ISIS claims attacks saying one of its suicide bombers targeted “translators and collaborators with the American army”.
ISIS struck the crowded gates of Kabul airport in a suicide bomb attack on Thursday, killing 60 civilians among children, 13 U.S. troops were killed.
In halted the airlift of tens of thousands of Afghans desperate to flee. Hours after the twin blasts, a third explosion was reported by news agency AFP while unconfirmed reports said there may have been more.
Kabul health officials were quoted as saying 60 civilians were killed. Video shot by Afghan journalists showed dozens of bodies strewn around a canal on the edge of the airport. At least two blasts shook the region, witnesses said.
Corpses were in the canal by the airport fence, video from the scene showed, some being fished out and laid in heaps while wailing civilians searched for loved ones.
“For a moment I thought my eardrums were blasted and I lost my sense of hearing. I saw bodies and body parts flying in the air like a tornado blowing plastic bags. I saw bodies, body parts, elders and injured men, women, and children scattered,” said one Afghan who had been trying to reach the airport. “That little water flowing in the sewage canal had turned into blood.”
The American casualties, which increased to 13 from 12 later on Thursday according to U.S. officials, were believed to be the most U.S. troops killed in Afghanistan in a single incident since 30 personnel died when a helicopter was shot down in August 2011.
The second blast was at or near Baron Hotel, where many people, including Afghans, Britons, and Americans, were instructed to gather in the recent days before going to the airport for evacuation. Further explosions could be heard later, but Taliban spokesman Zabihullah Mujahid said some blasts were carried out by U.S. forces to destroy their equipment.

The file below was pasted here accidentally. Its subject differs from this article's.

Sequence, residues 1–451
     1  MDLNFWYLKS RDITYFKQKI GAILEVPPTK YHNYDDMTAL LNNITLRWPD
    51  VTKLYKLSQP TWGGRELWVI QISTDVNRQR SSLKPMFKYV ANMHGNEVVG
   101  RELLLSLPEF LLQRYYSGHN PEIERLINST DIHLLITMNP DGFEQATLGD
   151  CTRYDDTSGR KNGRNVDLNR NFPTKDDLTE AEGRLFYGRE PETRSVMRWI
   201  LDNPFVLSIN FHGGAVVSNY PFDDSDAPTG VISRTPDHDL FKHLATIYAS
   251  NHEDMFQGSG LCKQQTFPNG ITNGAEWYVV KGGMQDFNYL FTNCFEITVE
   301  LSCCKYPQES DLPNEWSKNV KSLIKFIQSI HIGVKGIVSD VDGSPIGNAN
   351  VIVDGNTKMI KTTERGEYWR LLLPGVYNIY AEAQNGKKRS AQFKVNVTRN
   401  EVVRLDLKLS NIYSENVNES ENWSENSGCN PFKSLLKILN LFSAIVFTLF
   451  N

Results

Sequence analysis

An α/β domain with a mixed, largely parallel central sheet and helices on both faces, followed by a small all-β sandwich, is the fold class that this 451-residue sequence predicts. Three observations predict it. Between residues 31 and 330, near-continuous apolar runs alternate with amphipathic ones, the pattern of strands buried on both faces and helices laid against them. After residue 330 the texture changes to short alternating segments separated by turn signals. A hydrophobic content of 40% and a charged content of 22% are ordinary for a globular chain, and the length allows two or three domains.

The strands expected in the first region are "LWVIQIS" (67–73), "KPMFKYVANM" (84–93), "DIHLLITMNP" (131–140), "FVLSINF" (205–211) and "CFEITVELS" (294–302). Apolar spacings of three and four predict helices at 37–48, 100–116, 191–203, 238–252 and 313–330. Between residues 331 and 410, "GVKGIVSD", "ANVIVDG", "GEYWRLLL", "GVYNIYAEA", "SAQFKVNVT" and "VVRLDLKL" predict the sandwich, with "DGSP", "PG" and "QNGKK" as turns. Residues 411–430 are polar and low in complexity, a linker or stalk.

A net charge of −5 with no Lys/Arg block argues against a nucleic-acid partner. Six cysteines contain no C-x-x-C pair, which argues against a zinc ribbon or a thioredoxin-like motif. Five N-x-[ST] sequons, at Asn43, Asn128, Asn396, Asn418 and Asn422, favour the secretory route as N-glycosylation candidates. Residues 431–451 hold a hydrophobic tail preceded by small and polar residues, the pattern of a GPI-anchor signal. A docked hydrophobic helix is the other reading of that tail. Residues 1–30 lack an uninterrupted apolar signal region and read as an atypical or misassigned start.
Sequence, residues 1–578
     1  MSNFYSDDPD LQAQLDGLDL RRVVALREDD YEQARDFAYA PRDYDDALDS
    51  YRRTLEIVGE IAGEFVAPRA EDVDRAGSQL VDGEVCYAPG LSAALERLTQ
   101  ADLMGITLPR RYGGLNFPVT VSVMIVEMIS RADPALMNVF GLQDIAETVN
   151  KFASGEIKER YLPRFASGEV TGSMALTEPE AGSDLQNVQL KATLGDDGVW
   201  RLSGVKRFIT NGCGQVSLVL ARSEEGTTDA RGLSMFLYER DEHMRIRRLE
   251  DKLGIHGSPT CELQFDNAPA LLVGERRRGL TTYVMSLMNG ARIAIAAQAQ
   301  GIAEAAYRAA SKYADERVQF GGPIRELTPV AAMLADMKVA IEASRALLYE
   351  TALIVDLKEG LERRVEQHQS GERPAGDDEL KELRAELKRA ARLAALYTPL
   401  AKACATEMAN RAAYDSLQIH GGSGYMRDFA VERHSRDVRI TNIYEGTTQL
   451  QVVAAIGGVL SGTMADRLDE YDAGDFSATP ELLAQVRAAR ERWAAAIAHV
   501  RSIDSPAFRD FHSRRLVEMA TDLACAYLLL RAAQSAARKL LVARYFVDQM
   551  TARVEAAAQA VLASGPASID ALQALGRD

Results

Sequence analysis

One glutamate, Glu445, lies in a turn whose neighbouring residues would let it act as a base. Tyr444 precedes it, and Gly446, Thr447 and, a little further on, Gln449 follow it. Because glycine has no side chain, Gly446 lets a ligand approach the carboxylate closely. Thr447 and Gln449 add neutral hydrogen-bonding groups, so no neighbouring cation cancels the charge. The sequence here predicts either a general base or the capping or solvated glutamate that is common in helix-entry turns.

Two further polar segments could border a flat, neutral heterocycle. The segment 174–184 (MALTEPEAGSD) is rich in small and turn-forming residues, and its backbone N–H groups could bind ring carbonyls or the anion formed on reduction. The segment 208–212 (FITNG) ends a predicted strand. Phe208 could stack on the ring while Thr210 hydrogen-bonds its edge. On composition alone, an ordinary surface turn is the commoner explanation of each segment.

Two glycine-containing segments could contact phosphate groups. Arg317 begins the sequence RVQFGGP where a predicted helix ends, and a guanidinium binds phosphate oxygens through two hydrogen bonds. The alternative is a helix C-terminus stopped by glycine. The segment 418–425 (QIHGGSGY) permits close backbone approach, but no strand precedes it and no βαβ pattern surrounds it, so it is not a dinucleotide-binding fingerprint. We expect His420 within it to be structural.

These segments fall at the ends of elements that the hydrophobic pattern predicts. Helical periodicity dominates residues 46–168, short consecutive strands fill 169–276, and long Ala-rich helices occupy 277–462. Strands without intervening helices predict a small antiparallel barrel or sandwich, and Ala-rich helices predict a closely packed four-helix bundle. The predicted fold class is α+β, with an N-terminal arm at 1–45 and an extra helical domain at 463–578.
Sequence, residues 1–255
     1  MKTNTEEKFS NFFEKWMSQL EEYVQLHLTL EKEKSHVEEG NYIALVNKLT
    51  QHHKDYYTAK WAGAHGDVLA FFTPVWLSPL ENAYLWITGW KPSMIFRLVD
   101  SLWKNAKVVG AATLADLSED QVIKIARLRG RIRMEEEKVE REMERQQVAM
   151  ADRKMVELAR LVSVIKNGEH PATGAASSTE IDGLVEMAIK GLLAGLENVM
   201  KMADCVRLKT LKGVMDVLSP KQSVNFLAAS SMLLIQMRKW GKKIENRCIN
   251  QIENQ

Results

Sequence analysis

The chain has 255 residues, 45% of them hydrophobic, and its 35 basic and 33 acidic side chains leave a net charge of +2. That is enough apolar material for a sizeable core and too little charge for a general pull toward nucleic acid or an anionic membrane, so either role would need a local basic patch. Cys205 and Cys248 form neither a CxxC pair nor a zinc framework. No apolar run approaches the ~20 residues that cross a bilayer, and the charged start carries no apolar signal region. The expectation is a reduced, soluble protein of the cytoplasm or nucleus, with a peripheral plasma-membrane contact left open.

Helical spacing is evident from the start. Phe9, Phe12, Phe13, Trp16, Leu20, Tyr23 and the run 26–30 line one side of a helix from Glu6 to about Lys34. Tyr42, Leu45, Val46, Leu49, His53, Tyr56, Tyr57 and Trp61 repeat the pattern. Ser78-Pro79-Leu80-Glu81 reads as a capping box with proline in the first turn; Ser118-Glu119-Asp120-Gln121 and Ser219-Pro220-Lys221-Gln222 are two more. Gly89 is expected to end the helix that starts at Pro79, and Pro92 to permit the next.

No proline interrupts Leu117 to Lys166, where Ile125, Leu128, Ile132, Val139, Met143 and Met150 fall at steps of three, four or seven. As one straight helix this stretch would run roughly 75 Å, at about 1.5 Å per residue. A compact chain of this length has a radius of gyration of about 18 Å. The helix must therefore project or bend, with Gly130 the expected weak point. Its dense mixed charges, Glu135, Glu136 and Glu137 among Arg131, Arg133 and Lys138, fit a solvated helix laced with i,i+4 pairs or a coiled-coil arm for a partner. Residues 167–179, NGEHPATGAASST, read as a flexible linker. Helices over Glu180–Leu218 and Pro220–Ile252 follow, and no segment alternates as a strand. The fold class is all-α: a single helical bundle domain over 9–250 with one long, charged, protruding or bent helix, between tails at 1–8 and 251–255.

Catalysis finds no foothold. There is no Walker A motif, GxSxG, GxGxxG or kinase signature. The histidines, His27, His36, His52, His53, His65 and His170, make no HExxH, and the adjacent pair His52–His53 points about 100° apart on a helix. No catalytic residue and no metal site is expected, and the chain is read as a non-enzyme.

A former Royal Marine who runs an animal shelter in Afghanistan says he and his staff were caught up in the aftermath of the blast near the airport.
“All of a sudden we heard gunshots and our vehicle was targeted, had our driver not turned around he would have been shot in the head by a man with an AK-47,” Paul “Pen” Farthing told Britain’s Press Association news agency.
U.S. officials initially said 11 Marines and one Navy medic were among those who died. Another service member died hours later. Eighteen service members were wounded and officials warned the toll could grow. More than 140 Afghans were wounded, an Afghan official said.
One of the bombers hit people standing knee-deep in a wastewater canal under the scorching sun, throwing bodies into the stinking water. Those who moments earlier had hoped to get on flights out could be seen carrying the wounded to ambulances stunned, their clothes covered with blood.
Emergency, an Italian charity that operates hospitals in Afghanistan, said it had received at least 60 patients wounded in the airport attack, in addition to 10 who were dead when they arrived.
“Surgeons will be working into the night,” said Marco Puntin, the charity’s manager in Afghanistan. The wounded overflowed the triage zone into the physiotherapy area and more beds were being added, he said.
The Afghan official who confirmed the overall Afghan toll spoke on condition of anonymity because he was not authorized to brief media.
Pentagon spokesman John Kirby said one explosion was near an airport entrance and another was a short distance away by a hotel. McKenzie said definitely there was a failure at the airport to allow a suicide bomber to get so close to the gate.
He said the Taliban has been screening people outside the gates, though there was no indication that the Taliban deliberately allowed Thursday’s attacks to happen. He said the U.S. has asked Taliban commanders to tighten security around the airport’s perimeter.